AI reveals major differences in how social media users debate vaccinations and climate change

WATERLOO, Ontario — Both climate change and vaccinations tend to be divisive subjects nowadays. Interestingly, however, scientists are using artificial intelligence to show how the debate on social media over these two topics are vastly different. In a nutshell, social media users are more open to discussion and differing views regarding climate change, whereas online vaccination conversations tend to be more biased or one-sided.

Study authors from the University of Waterloo created and trained a machine-learning algorithm to analyze roughly 87 million tweets posted online discussing either vaccines or climate change between 2007 and 2016. The AI system revealed online sentiments regarding climate change are “overwhelmingly” on the “pro side,” meaning most users believe global warming is real, brought on mainly due to human actions, and requires immediate attention. Notably, most social media users discussing climate change were also open to interacting with other users holding opposite climate change beliefs.

Vaccinations are a make-or-break issue for many

Observations regarding online discussions about vaccines were much more varied. To start, only about 15 to 20 percent of users displayed clear cut pro-vaccine beliefs. Seventy percent expressed no strong sentiment on vaccines either way. Importantly, both individuals and entire online communities holding one vaccine belief were largely unwilling to engage with anyone of a different opinion.

“It is an open question whether these differences in user sentiment and social media echo chambers concerning vaccines created the conditions for highly polarized vaccine sentiment when the COVID-19 vaccines began to roll out,” says Chris Bauch, a professor of applied mathematics, in a university release. “If we were to do the same study today with data from the past two years, the results might be wildly different. Vaccination is a much hotter topic right now and appears to be much more polarized given the ongoing pandemic.”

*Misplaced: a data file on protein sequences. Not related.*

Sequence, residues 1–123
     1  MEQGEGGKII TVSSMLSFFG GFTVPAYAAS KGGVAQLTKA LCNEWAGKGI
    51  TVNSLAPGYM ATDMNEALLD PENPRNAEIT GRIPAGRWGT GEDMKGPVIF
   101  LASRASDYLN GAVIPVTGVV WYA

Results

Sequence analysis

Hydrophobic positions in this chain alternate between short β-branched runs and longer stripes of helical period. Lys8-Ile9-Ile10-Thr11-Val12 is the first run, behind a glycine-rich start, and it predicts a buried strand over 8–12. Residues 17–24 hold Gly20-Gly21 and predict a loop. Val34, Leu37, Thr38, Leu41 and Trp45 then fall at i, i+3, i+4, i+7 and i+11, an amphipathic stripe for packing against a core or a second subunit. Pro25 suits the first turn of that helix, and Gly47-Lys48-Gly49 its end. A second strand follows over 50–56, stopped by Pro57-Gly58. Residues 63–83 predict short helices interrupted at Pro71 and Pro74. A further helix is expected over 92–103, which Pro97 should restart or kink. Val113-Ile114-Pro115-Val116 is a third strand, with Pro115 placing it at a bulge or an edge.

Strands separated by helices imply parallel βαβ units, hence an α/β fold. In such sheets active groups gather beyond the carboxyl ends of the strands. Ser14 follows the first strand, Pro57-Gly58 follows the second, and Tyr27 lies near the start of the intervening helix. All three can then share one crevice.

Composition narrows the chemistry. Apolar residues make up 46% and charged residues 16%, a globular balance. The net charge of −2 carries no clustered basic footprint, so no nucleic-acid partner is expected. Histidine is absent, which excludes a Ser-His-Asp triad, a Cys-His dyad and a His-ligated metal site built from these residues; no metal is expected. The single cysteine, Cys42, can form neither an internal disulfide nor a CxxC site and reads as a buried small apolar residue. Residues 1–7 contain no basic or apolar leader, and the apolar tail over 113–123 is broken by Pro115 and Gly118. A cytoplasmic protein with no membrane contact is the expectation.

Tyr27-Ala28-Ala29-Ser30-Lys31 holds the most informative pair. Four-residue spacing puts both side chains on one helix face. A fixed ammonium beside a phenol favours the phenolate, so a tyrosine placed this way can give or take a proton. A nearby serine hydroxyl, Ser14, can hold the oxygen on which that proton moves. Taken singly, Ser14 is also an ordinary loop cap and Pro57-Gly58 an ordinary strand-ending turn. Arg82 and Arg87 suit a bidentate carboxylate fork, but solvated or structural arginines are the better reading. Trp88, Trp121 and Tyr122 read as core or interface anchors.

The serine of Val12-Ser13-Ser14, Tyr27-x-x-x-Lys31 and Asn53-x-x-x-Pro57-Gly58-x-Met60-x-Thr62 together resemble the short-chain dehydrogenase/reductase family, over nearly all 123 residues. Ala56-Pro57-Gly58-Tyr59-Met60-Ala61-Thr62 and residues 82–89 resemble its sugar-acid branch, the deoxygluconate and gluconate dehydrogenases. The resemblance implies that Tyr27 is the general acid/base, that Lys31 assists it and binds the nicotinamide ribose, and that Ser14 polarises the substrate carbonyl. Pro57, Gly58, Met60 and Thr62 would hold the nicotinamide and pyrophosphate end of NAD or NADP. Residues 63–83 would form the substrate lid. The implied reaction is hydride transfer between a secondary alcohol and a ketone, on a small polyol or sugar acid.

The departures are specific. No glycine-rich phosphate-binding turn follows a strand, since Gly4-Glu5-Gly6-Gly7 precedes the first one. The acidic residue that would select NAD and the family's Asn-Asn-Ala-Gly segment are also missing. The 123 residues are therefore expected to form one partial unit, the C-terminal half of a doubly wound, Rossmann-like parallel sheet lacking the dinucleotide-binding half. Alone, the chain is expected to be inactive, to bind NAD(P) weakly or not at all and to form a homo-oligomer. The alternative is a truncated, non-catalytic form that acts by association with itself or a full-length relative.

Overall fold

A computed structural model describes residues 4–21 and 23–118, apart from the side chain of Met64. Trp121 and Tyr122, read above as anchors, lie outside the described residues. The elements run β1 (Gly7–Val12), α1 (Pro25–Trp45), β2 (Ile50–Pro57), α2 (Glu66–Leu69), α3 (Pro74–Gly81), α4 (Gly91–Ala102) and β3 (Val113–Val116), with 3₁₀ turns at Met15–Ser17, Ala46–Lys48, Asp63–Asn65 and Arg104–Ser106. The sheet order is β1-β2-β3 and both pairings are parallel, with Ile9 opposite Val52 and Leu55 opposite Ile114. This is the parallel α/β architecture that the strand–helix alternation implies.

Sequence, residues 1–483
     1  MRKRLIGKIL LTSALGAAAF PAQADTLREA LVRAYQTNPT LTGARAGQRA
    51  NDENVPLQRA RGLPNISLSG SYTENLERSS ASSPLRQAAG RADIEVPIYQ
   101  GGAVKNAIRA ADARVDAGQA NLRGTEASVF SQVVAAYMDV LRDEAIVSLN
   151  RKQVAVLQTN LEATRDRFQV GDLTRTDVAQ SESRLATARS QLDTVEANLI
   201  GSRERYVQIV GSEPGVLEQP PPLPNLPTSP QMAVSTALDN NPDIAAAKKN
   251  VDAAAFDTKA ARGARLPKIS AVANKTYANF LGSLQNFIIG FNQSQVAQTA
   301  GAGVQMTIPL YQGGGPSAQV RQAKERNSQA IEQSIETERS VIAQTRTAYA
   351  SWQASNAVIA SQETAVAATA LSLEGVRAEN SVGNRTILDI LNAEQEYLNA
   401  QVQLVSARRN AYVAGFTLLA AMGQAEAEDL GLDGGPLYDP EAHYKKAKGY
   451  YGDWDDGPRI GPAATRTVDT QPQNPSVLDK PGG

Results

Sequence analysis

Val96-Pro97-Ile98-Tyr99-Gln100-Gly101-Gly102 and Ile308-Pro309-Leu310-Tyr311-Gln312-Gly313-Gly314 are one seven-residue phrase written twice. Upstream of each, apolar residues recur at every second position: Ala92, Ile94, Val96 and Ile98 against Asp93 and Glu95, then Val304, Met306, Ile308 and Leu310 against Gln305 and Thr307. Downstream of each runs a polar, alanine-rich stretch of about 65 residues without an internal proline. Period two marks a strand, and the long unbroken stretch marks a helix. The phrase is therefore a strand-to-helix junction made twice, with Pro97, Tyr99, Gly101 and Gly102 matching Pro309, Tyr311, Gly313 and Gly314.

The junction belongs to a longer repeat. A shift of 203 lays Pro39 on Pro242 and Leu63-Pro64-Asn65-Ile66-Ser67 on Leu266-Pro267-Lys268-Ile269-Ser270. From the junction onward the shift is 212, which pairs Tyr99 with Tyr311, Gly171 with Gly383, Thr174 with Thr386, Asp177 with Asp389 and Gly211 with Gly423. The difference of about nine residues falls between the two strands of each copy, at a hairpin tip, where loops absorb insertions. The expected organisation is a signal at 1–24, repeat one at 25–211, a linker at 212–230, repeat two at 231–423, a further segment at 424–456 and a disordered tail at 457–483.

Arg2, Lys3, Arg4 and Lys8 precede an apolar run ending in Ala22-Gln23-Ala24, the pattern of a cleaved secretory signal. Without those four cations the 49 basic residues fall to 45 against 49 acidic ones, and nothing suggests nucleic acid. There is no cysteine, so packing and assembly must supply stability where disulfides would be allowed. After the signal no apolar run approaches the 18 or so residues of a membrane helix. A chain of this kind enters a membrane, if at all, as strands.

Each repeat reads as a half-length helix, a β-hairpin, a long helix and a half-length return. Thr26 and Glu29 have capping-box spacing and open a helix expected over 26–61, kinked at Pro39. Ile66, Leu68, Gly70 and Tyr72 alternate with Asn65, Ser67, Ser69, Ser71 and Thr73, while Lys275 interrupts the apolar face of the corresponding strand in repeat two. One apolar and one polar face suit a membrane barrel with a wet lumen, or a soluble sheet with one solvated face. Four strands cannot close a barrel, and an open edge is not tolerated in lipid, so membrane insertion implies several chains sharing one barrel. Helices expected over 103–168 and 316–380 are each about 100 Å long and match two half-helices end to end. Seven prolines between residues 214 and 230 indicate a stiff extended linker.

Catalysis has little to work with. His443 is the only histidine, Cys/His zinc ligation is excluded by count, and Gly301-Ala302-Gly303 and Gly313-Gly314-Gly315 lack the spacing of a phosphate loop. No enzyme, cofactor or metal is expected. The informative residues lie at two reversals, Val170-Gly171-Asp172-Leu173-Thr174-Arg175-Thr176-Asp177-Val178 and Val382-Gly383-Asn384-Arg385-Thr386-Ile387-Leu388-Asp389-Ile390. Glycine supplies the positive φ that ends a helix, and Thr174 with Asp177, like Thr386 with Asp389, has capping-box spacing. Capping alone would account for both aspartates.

Vaccines controversial even before COVID

The research team originally set out to determine if any sentiments on climate change and vaccination were related. For example, how do people who care about these topics create online communities in the first place? Also, just how much do online behaviors influence real-life decisions, beliefs, and outcomes?

“There’s been some work done on the polarization of opinions in Twitter and other social media,” explains Madhur Anand, professor of environmental sciences at the University of Guelph. “Most other research looks at these as isolated issues, but we wanted to look at these two issues of climate change and vaccination side-by-side. Both issues have social and environmental components, and there are lots to learn in this research pairing.”

The tweets analyzed for this project, of course, pre-date the COVID-19 pandemic by a few years. Still, study authors conclude these findings provide a compelling look at online vaccine sentiments in the immediate years leading up to the coronavirus pandemic.

“We expected to find that user sentiment and how users formed networks and communities to be more or less the same for both issues,” Prof. Bauch concludes. “But actually, we found that the way climate change discourse and vaccine discourse worked on Twitter were quite different.”

The findings appear in the journal Humanities and Social Sciences Communications.

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